"Antisense oligos to laminin-8 chains significantly inhibited invasion of two different glioma cell lines in vitro," said Dr. Ljubimova. "If these laboratory studies can be translated into patient therapy, antisense oligos may slow the growth and spread of aggressive gliomas. Perhaps it will be used in combination with more traditional therapies or with other genetic targeting to prolong disease-free periods and increase survival."

The study was supported by a grant from the Maxine Dunitz Neurosurgical Institute. It was conducted by scientists from the Institute, the Ophthalmology Research Laboratories at Cedars-Sinai, Osaka (Japan) University Medical Center, the Interdisciplinary Center for Clinical Research at the University of Erlangen-Nuremberg (Germany), and the Institute of Biomedicine/Anatomy at the University of Helsinki (Finland).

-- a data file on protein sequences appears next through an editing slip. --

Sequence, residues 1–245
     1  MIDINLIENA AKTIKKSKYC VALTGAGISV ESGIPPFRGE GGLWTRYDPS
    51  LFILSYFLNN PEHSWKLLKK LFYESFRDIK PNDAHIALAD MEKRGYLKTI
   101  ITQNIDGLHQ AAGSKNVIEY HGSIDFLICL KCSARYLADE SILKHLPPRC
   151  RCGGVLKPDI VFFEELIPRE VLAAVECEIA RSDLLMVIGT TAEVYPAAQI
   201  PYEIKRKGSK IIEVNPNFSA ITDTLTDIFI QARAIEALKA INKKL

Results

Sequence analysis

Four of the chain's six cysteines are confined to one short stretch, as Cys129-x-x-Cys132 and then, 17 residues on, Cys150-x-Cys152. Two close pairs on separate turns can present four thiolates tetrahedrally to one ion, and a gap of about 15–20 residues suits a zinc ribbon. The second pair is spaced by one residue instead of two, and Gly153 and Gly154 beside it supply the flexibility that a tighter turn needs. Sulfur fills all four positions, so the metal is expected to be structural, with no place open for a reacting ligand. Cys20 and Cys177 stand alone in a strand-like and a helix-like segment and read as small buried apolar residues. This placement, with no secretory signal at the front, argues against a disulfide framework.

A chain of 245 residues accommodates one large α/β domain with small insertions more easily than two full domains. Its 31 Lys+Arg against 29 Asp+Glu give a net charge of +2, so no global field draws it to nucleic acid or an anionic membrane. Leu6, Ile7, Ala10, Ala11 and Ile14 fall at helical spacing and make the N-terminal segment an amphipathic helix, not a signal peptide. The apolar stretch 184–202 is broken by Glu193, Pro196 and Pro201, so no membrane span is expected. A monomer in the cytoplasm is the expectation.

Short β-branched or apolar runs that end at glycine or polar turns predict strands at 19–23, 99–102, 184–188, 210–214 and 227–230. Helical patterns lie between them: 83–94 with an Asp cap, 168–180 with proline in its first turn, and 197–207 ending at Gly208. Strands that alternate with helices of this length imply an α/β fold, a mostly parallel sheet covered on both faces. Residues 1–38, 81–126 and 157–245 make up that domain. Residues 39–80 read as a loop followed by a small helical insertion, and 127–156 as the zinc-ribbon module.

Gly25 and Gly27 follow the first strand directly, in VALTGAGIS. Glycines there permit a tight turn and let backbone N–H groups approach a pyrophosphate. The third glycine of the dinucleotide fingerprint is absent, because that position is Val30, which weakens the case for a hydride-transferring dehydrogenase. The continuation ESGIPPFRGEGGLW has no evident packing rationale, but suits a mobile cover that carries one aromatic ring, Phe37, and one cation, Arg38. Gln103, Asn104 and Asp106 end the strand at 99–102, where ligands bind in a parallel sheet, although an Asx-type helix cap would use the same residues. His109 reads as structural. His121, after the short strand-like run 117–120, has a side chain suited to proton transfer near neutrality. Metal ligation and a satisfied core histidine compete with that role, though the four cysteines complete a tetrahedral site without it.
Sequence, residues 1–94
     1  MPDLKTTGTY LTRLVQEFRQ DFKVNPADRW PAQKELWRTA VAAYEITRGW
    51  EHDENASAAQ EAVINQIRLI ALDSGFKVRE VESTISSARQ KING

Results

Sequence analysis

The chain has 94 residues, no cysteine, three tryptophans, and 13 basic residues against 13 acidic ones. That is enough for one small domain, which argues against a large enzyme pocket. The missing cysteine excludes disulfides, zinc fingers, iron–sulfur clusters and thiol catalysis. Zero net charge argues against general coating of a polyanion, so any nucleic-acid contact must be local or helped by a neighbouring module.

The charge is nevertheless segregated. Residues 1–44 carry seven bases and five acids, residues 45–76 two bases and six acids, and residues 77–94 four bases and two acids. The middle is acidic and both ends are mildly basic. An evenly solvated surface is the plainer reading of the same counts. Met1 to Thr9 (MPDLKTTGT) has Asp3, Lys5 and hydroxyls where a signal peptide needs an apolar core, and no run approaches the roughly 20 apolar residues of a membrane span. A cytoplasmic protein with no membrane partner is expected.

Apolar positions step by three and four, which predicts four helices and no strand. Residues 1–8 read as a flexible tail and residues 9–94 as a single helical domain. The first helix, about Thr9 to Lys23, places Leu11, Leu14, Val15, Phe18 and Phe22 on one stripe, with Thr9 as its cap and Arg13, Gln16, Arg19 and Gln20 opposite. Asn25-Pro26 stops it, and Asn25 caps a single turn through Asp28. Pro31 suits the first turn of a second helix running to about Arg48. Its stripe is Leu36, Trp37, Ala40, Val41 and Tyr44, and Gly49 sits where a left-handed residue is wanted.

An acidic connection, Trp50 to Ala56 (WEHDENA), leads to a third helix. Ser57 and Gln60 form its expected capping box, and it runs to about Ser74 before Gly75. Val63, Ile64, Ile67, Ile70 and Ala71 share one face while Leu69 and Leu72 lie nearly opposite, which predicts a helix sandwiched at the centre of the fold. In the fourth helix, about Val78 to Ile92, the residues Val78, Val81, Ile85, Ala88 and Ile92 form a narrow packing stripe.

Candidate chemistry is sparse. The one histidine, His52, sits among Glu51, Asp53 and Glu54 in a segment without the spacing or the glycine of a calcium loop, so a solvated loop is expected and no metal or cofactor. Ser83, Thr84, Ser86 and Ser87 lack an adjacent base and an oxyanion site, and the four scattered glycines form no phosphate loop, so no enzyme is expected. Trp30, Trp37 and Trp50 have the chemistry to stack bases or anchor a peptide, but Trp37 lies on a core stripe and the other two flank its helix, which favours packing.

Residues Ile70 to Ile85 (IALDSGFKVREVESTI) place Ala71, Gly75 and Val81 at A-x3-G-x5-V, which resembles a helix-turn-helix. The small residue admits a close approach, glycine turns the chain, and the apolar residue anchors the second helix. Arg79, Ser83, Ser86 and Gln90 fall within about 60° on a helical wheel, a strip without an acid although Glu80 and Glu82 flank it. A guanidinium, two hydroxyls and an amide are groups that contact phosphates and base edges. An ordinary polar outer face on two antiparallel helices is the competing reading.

Cedars-Sinai is one of the largest nonprofit academic medical centers in the Western United States. For the fifth straight two-year period, it has been named Southern California’s gold standard in health care in an independent survey. Cedars-Sinai is internationally renowned for its diagnostic and treatment capabilities and its broad spectrum of programs and services, as well as breakthroughs in biomedical research and superlative medical education. It ranks among the top 10 non-university hospitals in the nation for its research activities.

Sandra Van | Van Communications
Further information:
http://www.csmc.edu/

More articles from Health and Medicine:

nachricht A promising target for kidney fibrosis
21.04.2017 | Brigham and Women's Hospital